Choreography by Bartabas for the Versailles Academy of Equestrian Arts
Text of Jérome Garcin - Extract:
A vast army slept, motionless and impassive, deep in the ground, waiting several centuries to honour the first Emperor of China whose posthumous glory required an imposing military parade, and whose terror of finding himself alone for all eternity called for the company of a close-knit troop of guards.
It is to the uncompromising Qin Shi Huangdi that we owe the Great Wall of China and the reunification of his country. He was buried in 210 BC to the east of the city of Xian in a mausoleum that spread for some 35 miles, but long before that he had his entire army, including the generals, sculpted in terracotta, and ordered that they be arranged around his monumental tomb. This meant thousands of life-size warriors and horses, each one unique, down to their facial features, forming impeccable legions in the clayey bowels of Shaanxi province.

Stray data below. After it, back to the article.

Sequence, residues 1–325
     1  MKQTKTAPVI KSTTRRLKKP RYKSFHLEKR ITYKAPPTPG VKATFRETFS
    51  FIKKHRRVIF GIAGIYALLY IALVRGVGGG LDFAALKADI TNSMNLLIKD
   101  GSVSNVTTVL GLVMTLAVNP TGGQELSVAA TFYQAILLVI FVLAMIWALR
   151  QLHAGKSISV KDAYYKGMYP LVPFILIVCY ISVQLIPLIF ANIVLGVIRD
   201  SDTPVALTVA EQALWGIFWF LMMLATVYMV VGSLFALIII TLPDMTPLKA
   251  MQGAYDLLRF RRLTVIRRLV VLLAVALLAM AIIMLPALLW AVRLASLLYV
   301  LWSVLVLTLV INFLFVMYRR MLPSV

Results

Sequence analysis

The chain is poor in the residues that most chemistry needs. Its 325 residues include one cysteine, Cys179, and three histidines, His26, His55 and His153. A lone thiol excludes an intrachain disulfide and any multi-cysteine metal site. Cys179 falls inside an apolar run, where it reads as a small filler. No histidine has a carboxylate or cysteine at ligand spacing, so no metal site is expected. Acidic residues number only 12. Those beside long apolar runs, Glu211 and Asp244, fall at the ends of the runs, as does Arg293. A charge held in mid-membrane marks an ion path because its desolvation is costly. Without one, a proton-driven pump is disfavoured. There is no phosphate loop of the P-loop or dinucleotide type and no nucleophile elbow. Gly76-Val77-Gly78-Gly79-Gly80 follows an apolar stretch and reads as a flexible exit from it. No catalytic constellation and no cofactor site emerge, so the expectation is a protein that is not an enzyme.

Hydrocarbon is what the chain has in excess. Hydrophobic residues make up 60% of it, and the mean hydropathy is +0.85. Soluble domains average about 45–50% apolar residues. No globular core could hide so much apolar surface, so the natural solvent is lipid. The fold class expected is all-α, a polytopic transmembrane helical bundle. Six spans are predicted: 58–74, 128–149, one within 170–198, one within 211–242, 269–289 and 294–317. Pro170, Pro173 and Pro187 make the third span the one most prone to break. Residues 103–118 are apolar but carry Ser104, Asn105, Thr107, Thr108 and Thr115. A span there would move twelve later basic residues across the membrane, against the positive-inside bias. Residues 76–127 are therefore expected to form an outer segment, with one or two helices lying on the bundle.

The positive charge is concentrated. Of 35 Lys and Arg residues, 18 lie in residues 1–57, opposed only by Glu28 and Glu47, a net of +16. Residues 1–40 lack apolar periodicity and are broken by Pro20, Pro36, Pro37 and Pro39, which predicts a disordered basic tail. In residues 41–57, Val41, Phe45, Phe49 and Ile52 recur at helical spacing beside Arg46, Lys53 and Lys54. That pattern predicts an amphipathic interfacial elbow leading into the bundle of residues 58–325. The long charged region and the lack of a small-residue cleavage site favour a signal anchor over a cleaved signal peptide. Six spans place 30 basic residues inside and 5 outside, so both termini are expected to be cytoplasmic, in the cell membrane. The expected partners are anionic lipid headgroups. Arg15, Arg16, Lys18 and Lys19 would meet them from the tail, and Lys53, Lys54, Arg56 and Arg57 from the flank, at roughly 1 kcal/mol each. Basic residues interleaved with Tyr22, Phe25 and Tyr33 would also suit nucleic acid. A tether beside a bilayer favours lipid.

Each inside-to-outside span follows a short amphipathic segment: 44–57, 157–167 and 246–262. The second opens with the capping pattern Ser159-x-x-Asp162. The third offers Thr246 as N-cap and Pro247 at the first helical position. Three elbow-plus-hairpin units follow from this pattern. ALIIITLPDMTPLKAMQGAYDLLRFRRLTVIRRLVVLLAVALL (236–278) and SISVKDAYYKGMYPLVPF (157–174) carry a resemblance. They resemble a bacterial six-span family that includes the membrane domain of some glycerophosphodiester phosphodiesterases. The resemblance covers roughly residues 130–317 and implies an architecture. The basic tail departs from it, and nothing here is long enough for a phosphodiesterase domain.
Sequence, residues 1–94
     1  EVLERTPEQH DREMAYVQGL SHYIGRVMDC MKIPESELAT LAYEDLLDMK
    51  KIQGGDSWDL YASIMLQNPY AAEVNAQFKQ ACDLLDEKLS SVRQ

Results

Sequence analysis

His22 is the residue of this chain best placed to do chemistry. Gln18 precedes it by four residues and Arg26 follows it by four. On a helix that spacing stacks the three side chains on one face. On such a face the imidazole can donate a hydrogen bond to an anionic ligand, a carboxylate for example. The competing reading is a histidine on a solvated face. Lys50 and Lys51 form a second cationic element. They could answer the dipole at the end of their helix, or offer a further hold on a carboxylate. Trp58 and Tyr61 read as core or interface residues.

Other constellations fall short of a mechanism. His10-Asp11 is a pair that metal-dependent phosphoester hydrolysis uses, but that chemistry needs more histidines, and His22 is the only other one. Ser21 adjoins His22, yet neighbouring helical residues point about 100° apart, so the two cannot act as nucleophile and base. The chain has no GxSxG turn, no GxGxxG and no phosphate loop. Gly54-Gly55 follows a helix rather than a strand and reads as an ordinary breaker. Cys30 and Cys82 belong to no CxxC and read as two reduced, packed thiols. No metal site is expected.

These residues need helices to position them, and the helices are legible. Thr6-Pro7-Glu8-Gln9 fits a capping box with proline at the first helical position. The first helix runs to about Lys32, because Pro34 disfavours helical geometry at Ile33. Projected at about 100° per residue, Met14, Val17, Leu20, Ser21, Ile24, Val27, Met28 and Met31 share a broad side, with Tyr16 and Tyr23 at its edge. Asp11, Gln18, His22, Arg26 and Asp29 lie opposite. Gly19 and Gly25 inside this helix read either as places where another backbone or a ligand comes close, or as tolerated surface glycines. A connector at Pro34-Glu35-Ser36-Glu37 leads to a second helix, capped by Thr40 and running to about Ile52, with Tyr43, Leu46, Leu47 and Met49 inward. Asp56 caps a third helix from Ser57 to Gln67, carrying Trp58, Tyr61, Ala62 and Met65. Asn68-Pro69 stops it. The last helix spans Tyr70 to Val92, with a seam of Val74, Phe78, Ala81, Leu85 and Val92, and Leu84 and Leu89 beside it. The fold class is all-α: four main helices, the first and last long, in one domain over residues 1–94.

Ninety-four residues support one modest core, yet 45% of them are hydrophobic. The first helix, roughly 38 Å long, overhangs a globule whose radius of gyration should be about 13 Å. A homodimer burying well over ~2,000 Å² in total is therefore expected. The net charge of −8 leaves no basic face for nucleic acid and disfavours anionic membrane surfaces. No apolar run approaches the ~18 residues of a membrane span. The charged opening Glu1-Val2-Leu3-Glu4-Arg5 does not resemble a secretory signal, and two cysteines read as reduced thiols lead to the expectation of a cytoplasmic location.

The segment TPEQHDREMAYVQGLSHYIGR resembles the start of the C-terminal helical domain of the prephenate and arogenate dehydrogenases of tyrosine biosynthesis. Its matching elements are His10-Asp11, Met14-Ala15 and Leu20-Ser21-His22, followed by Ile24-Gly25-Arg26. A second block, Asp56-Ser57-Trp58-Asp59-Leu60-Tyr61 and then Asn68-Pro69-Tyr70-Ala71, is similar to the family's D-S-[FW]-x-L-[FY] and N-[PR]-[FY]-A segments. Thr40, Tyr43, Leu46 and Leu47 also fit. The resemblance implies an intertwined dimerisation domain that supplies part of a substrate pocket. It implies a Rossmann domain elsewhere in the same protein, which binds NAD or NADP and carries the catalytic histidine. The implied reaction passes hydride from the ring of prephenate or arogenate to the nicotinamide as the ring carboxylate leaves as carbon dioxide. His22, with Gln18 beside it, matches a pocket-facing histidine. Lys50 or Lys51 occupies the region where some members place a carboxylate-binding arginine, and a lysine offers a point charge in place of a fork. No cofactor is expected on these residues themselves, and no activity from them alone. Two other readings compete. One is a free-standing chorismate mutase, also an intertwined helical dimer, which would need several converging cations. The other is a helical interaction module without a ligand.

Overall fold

It was not until 1974 when some peasants were digging a well in their fields that this fantastical imperial army captured in clay suddenly saw the light of day once more. Some figures were covered in lacquer but the colours had faded, some equipped with gilded bronze chariots, with swords, armour, helmets, caparisons and harnesses. Along with eight thousand cavalry, foot soldiers, archers, crossbowmen and grooms, there were also the remains of the men who had built the necropolis and had been walled up inside it. Exactly forty years after those horsemen and their silent chargers reclaimed their freedom and stood paralyzed to discover the bustle of the modern world, the majestic doors of the Grand Palais are opened to them by Bartabas (and, by strange coincidence, a previous Bartabas show – Entra’perçu at the Châtelet – was a beautiful calligraphy-like celebration of Immémoriaux by Victor Segalen who, it turns out, visited Emperor Qin’s tomb in 1914).